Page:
- PHOTO BY STEVE E. MILLER
Despite the free sweaters and plentiful eggnog, the holidays can be stressful. There are presents to buy, cards to send, and boxes of tangled lights to sift through, set up, and tear down.
Then the in-laws visit, and you have to show them the town and buy lunch and listen to their banal stories about irritating co-workers and hopscotch or something while they subtly brag about how much money they make and how cute your writing “hobby” is, when you’d much rather be playing with shiny Christmas gadgets.
Most people need a few days to recover from all that, which leaves art bashers like me up a river without any parties to cover.
Thankfully, there’s a group of people who have built up a tolerance to the holiday season and can continue with business as usual: old folks. Or, older folks … uh, mature … youth impaired? Whichever way connotes age without sounding rude, that’s the way I mean it, because these retirees were amazing godsends of wisdom and joy.
I went to SLO Down Pub in Arroyo Grande because the poetry reading I’d seen in the New Times calendar was the only event scheduled for the day after Christmas. Period. What I found was rather surprising.
There were only about a dozen people chatting over glasses of wine, beer, and coffee in the quiet, bar-adjacent room reserved for SLO Down Poetry on the fourth Sunday of every month. They were instantly jovial and welcoming, advising me to grab a beer before sitting. Of course, my manners forced me to oblige.
“There’s usually around 20 people here,” said poet Kathy Bond. “It lets you put the contents of your mind on paper and organize them and invest them with humor.”
Word, Kathy. I expected the humor to be a tad conservative, but a few lines into the first poem, I heard Lisha Perini wonder whether a Christmas gift would “drop your jaws or drop your panties.” Then David whose-last-name-I-can’t-recall ran through a self-deprecating scene at the bank wherein he played the fool without succumbing to the role. It was witty as hell, and I totally LOLed.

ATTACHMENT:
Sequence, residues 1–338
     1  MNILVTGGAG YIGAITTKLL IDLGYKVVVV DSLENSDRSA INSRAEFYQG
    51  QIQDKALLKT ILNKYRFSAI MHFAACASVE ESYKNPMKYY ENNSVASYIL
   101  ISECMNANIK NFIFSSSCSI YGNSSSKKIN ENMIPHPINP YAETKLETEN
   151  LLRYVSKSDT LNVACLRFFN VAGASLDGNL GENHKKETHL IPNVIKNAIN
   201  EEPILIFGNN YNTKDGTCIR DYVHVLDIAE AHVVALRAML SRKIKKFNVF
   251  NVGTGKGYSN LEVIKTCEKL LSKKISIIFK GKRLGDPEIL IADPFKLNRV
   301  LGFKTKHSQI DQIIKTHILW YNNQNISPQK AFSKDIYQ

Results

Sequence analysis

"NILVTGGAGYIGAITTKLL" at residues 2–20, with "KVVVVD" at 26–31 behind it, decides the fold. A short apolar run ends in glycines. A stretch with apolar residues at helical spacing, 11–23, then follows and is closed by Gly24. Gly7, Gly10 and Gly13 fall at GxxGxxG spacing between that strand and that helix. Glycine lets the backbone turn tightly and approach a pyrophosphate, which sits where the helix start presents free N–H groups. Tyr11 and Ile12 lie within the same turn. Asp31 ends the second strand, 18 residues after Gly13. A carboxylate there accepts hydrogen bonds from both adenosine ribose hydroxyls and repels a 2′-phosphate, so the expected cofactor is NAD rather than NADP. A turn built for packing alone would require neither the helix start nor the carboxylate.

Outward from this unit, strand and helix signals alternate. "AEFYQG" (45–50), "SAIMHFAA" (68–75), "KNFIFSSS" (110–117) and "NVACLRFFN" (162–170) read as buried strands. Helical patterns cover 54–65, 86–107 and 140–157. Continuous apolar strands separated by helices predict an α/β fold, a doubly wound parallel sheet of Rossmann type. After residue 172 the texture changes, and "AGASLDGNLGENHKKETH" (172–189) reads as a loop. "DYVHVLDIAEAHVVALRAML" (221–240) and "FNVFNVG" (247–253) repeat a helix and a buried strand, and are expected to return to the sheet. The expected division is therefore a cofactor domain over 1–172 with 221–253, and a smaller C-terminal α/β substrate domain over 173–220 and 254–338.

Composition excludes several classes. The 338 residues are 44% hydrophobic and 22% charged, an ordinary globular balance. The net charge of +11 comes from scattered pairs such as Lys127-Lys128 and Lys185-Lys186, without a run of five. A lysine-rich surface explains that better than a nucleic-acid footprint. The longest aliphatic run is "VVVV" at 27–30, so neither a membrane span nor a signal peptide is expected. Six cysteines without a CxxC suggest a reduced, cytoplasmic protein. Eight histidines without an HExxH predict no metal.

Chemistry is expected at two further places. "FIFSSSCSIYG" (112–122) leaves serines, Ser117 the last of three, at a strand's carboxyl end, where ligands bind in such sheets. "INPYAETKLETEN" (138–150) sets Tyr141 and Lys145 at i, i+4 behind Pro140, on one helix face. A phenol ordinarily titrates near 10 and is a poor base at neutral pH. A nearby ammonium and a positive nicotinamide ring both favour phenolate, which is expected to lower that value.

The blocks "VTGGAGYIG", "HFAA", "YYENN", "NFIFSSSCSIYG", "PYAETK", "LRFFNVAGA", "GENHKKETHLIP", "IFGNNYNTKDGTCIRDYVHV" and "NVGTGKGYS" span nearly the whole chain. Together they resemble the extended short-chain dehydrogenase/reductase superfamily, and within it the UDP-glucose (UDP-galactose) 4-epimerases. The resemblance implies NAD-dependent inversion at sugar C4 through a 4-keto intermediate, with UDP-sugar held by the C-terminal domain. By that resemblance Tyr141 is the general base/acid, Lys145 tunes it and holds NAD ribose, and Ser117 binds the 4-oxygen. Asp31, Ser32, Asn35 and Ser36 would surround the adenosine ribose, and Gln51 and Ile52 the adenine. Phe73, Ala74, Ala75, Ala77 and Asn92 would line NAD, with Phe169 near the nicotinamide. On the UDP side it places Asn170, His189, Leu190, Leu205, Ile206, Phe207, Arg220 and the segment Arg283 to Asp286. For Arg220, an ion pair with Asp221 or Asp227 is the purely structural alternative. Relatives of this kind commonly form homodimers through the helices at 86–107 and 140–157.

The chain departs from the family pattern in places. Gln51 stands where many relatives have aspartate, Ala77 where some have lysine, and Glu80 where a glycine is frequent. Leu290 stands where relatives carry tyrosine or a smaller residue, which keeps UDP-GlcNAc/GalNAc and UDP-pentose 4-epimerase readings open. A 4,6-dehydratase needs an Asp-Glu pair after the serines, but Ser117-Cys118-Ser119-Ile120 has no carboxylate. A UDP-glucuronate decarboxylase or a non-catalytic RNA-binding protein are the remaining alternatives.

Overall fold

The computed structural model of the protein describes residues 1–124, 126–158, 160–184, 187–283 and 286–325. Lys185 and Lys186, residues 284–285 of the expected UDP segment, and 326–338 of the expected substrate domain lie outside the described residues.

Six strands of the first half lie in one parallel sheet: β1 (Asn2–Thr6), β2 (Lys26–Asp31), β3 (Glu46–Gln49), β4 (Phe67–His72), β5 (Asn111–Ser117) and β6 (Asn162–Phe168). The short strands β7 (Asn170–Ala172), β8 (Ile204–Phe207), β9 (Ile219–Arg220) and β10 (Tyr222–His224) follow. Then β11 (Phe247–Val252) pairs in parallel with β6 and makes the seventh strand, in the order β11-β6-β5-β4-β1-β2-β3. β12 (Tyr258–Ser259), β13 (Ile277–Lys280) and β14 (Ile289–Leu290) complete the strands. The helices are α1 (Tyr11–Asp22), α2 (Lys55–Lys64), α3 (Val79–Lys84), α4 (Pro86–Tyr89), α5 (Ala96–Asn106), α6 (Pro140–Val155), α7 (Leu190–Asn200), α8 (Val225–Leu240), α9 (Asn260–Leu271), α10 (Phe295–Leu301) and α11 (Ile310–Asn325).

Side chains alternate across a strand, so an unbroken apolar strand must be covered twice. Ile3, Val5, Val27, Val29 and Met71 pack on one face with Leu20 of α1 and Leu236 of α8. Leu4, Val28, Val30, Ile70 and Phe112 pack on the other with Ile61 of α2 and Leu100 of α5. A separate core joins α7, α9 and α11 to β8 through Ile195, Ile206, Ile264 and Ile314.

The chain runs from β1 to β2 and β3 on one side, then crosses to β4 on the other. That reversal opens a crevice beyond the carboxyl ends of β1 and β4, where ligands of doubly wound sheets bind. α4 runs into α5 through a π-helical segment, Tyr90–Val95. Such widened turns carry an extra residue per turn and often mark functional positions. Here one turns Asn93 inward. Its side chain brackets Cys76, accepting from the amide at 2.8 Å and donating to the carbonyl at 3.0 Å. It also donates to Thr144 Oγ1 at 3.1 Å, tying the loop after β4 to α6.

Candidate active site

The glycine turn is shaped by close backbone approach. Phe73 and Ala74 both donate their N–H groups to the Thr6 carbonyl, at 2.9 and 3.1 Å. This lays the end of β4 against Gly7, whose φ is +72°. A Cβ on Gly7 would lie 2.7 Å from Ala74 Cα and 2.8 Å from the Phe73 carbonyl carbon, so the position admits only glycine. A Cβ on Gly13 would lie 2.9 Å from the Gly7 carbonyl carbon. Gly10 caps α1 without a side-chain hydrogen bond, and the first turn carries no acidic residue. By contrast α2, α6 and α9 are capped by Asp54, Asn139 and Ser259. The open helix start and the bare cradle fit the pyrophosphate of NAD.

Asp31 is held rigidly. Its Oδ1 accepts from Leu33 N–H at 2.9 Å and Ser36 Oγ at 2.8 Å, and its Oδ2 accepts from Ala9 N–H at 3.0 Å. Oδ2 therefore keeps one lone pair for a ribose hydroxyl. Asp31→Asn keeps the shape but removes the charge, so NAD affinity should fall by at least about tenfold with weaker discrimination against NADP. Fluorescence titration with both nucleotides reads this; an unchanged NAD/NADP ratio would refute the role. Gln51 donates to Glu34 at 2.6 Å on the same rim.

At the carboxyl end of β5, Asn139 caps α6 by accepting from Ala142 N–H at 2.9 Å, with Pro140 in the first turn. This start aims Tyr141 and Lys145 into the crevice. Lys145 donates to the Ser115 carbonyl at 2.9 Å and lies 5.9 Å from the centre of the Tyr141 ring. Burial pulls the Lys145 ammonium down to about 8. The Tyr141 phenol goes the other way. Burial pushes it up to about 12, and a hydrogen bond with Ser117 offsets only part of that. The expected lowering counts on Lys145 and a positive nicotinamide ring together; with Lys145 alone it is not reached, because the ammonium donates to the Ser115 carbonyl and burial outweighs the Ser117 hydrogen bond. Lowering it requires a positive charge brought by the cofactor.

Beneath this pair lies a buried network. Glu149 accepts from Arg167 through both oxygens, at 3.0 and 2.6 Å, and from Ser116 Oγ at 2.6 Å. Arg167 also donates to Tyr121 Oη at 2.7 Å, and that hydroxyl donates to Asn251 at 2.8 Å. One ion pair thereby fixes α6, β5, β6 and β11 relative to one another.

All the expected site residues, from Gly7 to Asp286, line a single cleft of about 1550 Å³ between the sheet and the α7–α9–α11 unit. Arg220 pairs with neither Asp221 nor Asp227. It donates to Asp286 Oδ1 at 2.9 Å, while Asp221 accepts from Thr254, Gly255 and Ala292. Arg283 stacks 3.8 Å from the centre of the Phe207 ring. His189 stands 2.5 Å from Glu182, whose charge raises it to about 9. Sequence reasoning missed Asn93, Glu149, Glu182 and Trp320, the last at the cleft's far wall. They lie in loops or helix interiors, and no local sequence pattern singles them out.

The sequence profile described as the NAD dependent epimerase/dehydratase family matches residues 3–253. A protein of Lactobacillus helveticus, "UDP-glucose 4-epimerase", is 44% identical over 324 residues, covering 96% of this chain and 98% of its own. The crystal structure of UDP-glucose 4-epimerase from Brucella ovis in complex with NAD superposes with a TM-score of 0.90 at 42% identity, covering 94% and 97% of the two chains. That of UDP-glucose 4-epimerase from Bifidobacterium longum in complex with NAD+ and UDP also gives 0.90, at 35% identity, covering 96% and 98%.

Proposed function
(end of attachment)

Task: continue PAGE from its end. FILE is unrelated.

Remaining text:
Not all of the poems were funny. One compared the emotions of losing a pet to losing a parent. Another explored the lasting effects of teenage drug use, and someone dropped this gem: “Life is no longer a poem, but a textbook.” That’s deep, yo.
Lisha took home the cake, literally. It was a home-baked chocolate-cappuccino cake that organizer Evelyn Cole doles out to the best reader each month.
“We have to keep this a secret,” Evelyn said, even though there was a reporter in the crowd. “We’re technically not supposed to give out cake since they sell desserts here.”
“Am I going to get arrested?” Kathy asked.
- PHOTO BY STEVE E. MILLER
It was downright adorable to see people actually concerned about such a petty rule, but several people suggested earnest solutions to the problem, like throwing an outdoor, cake-filled tailgate party and even purchasing to-go boxes so the slices could be taken home (we eventually just ate the stuff, but don’t tell anyone).
The poets were warm and wonderful, but their event ended quickly, and I wasn’t sure I had enough to fill a column. Luckily, there was another group of mostly senior citizens engaged in a bluegrass jam session in the main area of the bar.
“Please Daddy, don’t get drunk on Christmas,” someone sang as I opened the door. “I don’t wanna see Momma cry.”
There were roughly 20 people arranged in a circle strumming an assortment of guitars, banjos, mandolins, and fiddles. One guy shouted chord changes, and somehow everyone was able to keep up and generate some toe-tapping tunes.
A guy at the bar looked local, so I asked him what the word was. He said the SLO Down Pub was a musical sleeper cell that had live sounds seven nights a week.
“In the last two months, I’ve seen more good music here than I can believe, and all with zero cover charge,” said Don Frades. “It’s got all the musical fun with none of the vomiting and puerility of San Luis.”
I thanked the man and made my way, pretending all along to know what “puerility” meant (turns out it’s educated talk for “childish”).
The jam session lasted a solid two hours, but I was able to pull one guitarist aside. He called himself Lev, and explained that the SLO Down Jam happens on the third and fourth Sundays of every month and that everyone’s invited. Musicians are expected to bring a song of their own and “tell everyone what they need to know to make it sound good.” They also play bluegrass classics like “Oh, Susanna.”
Banjo player Wendy Stockton is the president of the Bluegrass Music Society of the Central Coast. She said bluegrass is deceptively simple to play, but that there’s room for some of the world’s finest musicians.
“This is roots music that was invented in America,” she explained. “It takes some of the most depressing subjects and treats them light-heartedly.”
The bar closed at 8 p.m., but these bluegrass animals pushed the jam into the midnight hours of 8:15, proving older folks can out party the rest of us at least once a year.
I downed my last jug of moonshine and made my way home, because it’s high time this art basher relinquished the column to its rightful owner: Glen “The Pen” Starkey. Coming next week: jokes that are actually funny. Enjoy!
Contributing writer Nick Powell misses his column already. Send your condolences to Managing Editor Ashley Schwellenbach at .